Paper No. 1
Presentation Time: 1:00 PM
HILLSLOPE-STREAM CONNECTIONS IN THE DRY CREEK EXPERIMENTAL WATERSHED, IDAHO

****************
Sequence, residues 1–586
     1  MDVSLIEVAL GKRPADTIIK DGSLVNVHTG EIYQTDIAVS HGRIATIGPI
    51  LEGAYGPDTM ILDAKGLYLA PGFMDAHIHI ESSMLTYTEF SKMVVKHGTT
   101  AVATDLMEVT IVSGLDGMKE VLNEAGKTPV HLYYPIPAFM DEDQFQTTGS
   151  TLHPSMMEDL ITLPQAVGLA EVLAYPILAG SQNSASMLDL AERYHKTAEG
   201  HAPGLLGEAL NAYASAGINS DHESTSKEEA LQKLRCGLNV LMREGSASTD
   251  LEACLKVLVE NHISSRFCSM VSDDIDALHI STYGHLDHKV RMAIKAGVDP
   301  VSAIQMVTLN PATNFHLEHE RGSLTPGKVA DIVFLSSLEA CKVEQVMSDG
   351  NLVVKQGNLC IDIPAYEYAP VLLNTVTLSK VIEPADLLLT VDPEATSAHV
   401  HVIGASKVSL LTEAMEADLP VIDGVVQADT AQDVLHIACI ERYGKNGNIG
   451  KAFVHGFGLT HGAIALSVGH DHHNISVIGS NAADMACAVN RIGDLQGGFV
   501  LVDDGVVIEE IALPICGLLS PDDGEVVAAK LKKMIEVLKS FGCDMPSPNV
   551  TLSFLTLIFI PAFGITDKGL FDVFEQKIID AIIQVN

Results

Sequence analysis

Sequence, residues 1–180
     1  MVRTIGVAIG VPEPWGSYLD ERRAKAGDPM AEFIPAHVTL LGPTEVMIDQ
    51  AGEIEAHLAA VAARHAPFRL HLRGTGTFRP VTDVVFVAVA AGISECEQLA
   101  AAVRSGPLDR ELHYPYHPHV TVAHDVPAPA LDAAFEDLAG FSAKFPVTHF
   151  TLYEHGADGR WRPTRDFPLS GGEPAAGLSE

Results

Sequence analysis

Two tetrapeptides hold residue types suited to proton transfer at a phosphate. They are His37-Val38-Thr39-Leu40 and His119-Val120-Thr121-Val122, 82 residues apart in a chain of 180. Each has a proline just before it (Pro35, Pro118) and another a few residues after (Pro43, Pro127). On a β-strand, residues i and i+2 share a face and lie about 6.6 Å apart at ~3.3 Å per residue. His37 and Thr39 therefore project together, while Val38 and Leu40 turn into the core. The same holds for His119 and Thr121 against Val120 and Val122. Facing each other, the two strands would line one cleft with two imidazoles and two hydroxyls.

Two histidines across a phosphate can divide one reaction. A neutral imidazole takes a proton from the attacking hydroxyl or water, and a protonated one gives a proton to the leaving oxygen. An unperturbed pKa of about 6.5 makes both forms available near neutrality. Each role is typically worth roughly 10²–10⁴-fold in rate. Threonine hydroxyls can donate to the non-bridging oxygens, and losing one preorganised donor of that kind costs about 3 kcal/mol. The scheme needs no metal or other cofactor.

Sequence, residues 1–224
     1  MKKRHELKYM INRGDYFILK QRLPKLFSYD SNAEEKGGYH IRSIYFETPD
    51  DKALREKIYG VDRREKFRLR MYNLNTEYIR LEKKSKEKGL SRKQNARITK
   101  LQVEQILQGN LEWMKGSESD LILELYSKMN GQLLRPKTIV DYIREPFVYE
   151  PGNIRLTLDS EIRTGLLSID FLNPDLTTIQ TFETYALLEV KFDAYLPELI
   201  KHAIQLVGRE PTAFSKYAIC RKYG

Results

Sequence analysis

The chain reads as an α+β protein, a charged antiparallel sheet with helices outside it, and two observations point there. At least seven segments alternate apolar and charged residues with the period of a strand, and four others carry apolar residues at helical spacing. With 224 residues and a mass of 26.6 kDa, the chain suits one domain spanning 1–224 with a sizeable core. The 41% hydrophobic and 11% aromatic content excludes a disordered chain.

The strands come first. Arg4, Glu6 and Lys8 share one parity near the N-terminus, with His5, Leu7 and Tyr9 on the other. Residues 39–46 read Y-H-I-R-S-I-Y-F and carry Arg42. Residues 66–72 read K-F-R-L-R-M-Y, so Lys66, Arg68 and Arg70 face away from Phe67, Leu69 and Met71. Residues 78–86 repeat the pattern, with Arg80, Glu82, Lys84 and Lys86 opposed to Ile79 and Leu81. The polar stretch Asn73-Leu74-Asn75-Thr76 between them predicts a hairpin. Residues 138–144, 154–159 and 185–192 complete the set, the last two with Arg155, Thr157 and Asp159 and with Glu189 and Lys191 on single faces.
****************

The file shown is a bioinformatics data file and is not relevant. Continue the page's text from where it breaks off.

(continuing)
The Dry Creek Experimental Watershed was established in 1999 in the foothills adjacent to Boise, Idaho to serve as a research and education field site for the hydrology program at Boise State University. Hydrologic research is being conducted from pedon to watershed scales. Here, we present some recent research findings relating hillslope processes to streamflow generation. Recent studies have shown that hydraulic connectivity on hillslopes and the existence of preferred soil moisture states in a watershed have important controls on runoff generation. In dry conditions, soil moisture patterns are spatially unorganized and lateral subsurface flow is neglible, whereas in wet conditions soil moisture patterns are organized by downslope lateral flow. In this study we investigate the relationships between annual soil moisture patterns, lateral hillslope flow, and streamflow generation in a semi-arid, snowmelt driven catchment. We identify five soil moisture conditions that characterize the hydrologic seasonality of a semi-arid site and present a conceptual model, based on field studies and computer simulations, of the dominant mechanisms of streamflow generation for different soil moisture conditions. The five moisture conditions include 1) a summer dry period, 2) a transitional fall wetting period, 3) a winter wet, low flux period, 4) a spring wet, high flux period, 5) and a transitional late spring drying period. Transitions between the periods are driven by changes in the water balance between rain, snow, snowmelt and evapotranspiration. We show that the transition from a dry moisture state to a wet moisture state is necessary, but not a sufficient condition for hydrologic connection within the hillslope. We propose that lateral flow along the bedrock interface contributes a major component of streamflow once the hillslope is connected hydraulically and that this state depends on the degree of wetting of deep soil pockets throughout the hillslope. The time lag between the dry-to-wet switch and the vertical-to-lateral switch occurs when the snowpack delivers little water to the soil and delays the deep soil wetting.